‘Ban the Box’ Initiative Gains Support in Allentown Following Previous Pennsylvania Ordinances
Ed Pawlowski, Mayor of Allentown, Pennsylvania, recent proposal to eliminate the question of past criminal convictions from city job applications has gained support from other elected officials. “Instead of focusing on an applicant’s criminal history, we will provide them with a chance to compete and hopefully secure a job in the public sector,” says Mayor Pawlowski in February 2015 article in the Lehigh Valley newspaper. In Pennsylvania, Allegheny County, Pittsburgh, Philadelphia and Lancaster have already banned the box. Philadelphia approved a law in 2011 that prevents public and private employers from asking about someone’s criminal history until after the first interview. In 2012, Pittsburgh adopted two ordinances that apply to city employment and contractors or vendors doing business with the city.
‘Ban the Box’ Movement Gains Momentum in Virginia
In 2013, three South Hampton Roads cities—Norfolk, Portsmouth and Virginia Beach—dropped the question from applications for most municipal jobs, reports Philip Walzer in a February 2015 article in The Virginian-Pilot. Among local Virginia companies, Cox Communications disclosed it doesn’t ask the criminal question on its job applications. Norfolk Southern Corp. will phase out the question in all applications this year, according spokesman Robin Chapman.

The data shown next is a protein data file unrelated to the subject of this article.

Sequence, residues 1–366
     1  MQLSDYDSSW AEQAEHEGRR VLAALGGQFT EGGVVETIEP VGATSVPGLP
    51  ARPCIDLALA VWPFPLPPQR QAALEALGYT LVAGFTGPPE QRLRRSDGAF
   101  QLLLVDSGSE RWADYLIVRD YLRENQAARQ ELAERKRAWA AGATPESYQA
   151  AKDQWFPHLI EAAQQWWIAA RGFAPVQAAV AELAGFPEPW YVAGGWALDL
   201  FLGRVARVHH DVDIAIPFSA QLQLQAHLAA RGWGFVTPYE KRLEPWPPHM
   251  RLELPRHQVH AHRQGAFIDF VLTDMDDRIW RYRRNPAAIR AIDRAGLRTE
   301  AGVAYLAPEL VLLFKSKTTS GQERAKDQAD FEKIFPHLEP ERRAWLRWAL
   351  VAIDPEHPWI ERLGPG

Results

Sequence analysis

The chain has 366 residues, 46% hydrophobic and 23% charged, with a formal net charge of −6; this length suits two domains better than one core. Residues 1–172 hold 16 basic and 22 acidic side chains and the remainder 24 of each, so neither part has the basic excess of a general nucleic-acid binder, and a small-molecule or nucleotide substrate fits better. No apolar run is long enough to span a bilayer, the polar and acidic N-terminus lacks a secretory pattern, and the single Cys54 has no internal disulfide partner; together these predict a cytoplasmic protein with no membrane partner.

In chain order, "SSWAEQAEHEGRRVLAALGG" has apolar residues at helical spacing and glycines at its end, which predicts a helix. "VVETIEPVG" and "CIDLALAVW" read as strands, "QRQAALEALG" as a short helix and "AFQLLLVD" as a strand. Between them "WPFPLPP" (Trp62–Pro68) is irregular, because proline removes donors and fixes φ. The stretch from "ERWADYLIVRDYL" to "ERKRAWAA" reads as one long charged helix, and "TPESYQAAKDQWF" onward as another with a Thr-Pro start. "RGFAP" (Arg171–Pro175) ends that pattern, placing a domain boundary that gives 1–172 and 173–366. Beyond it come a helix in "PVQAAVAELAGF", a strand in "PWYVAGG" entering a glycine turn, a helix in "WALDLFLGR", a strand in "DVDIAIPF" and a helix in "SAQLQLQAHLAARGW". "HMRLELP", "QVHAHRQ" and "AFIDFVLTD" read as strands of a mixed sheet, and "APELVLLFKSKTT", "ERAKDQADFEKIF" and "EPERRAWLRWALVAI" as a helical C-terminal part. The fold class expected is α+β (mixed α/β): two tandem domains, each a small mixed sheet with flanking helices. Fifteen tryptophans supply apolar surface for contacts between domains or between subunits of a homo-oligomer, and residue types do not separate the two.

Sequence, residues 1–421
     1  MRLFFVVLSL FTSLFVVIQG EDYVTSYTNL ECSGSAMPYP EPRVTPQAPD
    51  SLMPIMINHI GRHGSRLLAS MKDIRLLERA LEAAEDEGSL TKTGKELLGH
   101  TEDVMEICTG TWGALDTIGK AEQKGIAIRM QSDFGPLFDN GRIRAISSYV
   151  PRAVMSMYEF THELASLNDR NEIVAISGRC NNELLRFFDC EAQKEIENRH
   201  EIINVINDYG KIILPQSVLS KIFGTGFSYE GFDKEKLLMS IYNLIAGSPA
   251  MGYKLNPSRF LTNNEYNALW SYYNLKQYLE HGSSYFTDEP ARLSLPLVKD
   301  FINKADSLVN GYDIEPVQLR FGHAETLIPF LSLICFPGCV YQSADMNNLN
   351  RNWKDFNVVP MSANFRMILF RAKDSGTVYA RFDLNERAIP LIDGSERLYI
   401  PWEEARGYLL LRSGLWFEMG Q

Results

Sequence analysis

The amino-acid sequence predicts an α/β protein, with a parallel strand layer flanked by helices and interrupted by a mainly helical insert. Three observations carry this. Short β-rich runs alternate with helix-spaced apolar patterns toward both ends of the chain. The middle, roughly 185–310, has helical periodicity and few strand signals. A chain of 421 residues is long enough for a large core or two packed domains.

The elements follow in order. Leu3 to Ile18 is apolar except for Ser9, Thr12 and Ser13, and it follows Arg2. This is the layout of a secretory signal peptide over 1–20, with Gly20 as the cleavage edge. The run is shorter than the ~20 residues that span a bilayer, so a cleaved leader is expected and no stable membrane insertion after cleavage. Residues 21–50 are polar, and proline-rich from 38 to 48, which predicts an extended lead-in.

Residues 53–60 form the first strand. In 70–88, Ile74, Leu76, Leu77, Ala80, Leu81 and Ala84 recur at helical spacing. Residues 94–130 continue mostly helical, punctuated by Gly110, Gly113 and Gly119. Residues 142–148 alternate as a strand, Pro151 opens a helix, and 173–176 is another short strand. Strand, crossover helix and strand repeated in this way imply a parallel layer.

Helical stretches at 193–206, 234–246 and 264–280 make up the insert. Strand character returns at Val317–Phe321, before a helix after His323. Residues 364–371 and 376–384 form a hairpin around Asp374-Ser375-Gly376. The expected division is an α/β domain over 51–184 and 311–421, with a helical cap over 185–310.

How are healthcare employers affected, however? “Sentara Healthcare is prohibited by law from hiring people convicted of crimes such as assault or arson for jobs in areas such as home care and long-term care,” says Laura Amdusky, Recruitment Director at Sentara. Sentara conducts a criminal check after making a contingent job offer, but it also asks about criminal history on all of its applications to get a “heads-up.”
Tampa Makes a ‘Ban the Box’ Exception for City Vendors
In Tampa, Florida, the City Council recently decided not to expand its “Ban the Tox” job application policy to include companies doing business with City Hall. “But the council still hopes to nudge private employers toward eliminating questions on initial job applications about applicants’ criminal history,” reports Richard Danielson for the Tampa Bay Times. The council, however, voted in favor of drafting an ordinance that would require bidders for city contracts to be asked if their applications include these types of questions. In Florida, Jacksonville, St. Petersburg, and Tallahassee have all moved to remove the box from their city applications, says Ashley D. Thomas in the Daytona Times.
With the increasingly growing complex myriad of “Ban the Box” initiatives affecting employers nationwide, employers should review their hiring processes on an ongoing basis to ensure compliance with the law. For healthcare employers, there might be conflicting laws, so it’s a good idea to have your policies reviewed by legal counsel.